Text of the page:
Many people we might debate or converse with in order to advance our ideas are (to some extent) dishonest. In particular, many professional intellectuals are. For instance, I think Yoram Hazony, Dennis Prager, and Ben Shapiro are dishonest for pretending that faith is a means of knowledge. I don’t think a professional intellectual can hold this position honestly. An intellectual’s job is to take ideas seriously, to define his terms, to understand the nature and substance of his premises and claims, and to address reasonable challenges to his positions and arguments. The life-or-death difference between grounding ideas in reason (evidence and logic) and accepting ideas on faith (in the absence or defiance of evidence and logic) is too clear, especially in today’s scientific-industrial world, for any professional intellectual honestly to accept (the literal nonsense) that faith is a means of knowledge. Accepting such nonsense is all the more perverse after the 9/11 attacks showed so vividly that accepting ideas on faith means: anything goes.
Hazony, Prager, and Shapiro are highly intelligent, well-educated men who know their history and have the world of knowledge at their fingertips. All they have to do is look and think. But they don’t. And their faith-based dishonesty extends into many significant areas. Hazony, for instance, fully embraces collectivism, holding that “the nation” is the fundamental unit of moral and political concern; thus he advocates “National Conservatism,” foisting the Bible and “God” on children in government schools, and forcing people to sacrifice for “God” and country when doing so serves “the nation”—even though he knows the human destruction that has resulted when such ideas have been implemented. Prager continues saying that there is no secular ground for morality (“If there is no God, murder isn’t wrong”), even though he knows (via my discussion with him) that Rand has provided one that warrants his attention. Shapiro claims that Rand’s philosophy of reason, rational-self interest, and individual rights is “garbage,” while claiming that Judaism—according to which you should accept ideas on faith and kill your son if “God” says so—is a beautiful thing.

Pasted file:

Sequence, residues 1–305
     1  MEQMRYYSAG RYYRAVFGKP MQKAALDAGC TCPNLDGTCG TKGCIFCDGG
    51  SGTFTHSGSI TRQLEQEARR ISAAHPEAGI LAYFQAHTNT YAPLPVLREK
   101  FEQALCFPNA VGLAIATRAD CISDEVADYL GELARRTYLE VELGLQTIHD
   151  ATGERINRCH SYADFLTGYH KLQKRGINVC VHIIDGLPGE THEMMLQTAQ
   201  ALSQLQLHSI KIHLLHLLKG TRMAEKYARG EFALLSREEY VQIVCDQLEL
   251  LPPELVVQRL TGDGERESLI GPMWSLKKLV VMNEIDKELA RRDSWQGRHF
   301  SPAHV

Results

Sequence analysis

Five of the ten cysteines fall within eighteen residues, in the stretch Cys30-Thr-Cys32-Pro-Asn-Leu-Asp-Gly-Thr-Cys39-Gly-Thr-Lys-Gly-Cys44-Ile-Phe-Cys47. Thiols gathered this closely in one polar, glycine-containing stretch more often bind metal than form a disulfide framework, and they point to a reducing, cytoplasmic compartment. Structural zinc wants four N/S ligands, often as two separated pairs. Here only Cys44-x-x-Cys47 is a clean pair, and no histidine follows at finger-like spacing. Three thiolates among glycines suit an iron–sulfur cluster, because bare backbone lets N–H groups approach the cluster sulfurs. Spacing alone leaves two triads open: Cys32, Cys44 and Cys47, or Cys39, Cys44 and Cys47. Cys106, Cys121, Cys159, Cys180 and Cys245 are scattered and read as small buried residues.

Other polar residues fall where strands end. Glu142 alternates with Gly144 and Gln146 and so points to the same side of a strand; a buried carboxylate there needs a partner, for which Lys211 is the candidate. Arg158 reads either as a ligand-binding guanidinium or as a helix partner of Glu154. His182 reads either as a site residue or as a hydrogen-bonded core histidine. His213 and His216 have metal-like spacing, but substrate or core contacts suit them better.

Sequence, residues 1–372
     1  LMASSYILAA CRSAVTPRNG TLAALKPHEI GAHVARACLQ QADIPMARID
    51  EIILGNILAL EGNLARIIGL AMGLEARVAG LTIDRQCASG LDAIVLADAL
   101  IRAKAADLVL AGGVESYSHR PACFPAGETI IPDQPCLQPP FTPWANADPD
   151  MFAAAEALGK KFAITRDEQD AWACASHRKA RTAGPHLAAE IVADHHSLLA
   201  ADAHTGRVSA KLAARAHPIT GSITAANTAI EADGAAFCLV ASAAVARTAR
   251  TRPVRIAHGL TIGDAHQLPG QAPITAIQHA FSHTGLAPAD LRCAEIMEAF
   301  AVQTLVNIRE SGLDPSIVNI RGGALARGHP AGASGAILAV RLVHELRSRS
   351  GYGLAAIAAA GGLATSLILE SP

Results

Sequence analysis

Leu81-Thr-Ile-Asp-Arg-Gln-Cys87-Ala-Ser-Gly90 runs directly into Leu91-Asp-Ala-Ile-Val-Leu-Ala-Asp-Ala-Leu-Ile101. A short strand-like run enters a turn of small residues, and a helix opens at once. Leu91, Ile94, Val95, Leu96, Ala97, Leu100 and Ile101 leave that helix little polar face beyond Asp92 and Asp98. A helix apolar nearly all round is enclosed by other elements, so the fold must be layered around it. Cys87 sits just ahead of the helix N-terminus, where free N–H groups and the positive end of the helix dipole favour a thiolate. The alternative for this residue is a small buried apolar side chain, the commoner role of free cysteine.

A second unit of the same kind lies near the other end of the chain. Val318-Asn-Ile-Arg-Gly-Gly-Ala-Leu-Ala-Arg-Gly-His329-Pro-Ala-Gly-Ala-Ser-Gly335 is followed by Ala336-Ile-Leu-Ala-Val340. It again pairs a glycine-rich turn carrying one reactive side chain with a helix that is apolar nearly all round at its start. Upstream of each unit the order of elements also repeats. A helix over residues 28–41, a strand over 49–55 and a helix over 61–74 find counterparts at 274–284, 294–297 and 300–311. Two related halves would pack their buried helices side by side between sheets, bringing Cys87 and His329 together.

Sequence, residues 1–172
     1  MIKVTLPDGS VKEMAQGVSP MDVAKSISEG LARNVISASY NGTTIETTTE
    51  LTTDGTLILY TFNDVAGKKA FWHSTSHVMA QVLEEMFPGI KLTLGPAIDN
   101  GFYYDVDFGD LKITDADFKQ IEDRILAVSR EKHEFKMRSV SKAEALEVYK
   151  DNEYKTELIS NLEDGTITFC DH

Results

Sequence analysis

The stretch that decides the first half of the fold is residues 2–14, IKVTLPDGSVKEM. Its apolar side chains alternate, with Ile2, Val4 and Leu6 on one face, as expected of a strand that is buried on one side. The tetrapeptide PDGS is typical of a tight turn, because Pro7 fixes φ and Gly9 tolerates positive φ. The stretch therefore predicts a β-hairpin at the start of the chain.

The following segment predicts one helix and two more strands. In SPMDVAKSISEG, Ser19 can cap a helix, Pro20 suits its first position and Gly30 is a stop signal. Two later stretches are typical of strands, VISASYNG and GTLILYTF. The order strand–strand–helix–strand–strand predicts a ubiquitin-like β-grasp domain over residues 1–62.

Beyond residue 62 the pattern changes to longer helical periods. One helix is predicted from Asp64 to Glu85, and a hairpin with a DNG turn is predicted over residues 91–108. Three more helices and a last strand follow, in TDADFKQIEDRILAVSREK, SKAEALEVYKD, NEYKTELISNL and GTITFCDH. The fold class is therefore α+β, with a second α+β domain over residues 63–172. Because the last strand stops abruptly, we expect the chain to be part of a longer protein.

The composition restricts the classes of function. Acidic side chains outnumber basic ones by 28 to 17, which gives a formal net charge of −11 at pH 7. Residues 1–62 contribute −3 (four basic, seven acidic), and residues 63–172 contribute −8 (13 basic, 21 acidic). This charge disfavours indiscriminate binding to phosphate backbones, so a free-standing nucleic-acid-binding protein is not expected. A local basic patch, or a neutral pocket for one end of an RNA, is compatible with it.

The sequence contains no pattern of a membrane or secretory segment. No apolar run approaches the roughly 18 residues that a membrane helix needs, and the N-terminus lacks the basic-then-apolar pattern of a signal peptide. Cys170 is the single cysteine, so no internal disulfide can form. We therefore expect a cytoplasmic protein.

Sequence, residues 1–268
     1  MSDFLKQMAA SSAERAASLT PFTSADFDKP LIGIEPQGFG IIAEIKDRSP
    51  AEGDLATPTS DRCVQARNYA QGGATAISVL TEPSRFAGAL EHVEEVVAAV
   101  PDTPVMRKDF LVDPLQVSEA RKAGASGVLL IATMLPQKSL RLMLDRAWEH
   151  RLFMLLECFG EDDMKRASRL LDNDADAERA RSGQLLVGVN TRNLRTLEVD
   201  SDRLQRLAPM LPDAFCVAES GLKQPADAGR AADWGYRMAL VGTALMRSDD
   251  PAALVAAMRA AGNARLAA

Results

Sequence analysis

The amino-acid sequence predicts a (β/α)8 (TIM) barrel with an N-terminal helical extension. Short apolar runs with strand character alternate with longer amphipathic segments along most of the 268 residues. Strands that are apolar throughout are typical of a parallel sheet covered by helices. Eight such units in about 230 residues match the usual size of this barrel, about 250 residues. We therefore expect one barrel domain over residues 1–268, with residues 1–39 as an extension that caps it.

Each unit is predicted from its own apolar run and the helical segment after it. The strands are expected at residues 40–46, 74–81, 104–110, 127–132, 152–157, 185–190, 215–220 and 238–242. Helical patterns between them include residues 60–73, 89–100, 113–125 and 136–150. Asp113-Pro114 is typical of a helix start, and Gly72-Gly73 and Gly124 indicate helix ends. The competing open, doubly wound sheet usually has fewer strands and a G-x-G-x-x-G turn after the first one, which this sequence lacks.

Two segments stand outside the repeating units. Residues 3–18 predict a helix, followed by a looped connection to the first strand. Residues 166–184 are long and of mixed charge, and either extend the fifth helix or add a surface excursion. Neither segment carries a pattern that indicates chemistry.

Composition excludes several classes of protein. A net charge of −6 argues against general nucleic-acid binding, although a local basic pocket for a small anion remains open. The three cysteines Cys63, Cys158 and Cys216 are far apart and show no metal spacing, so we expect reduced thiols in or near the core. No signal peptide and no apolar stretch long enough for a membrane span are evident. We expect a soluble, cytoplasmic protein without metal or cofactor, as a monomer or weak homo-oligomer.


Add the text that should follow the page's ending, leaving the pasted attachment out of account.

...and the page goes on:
These men have irrational agendas and are willing to pretend that facts are other than they are in order to further those agendas. They are dishonest.
Does this mean we should not debate or discuss ideas with them? Should I not have had a discussion with Prager? Would it be wrong of me to debate or discuss ideas with Hazony or Shapiro? Of course not. Explaining our rational ideas against the foil of others’ irrational ideas is one of the best ways to reach active-minded yet confused people who would appreciate our ideas if they heard them. Differentiation is essential to integration; comparing and contrasting evidence-based ideas with faith-based ideas further illuminates the importance of reason.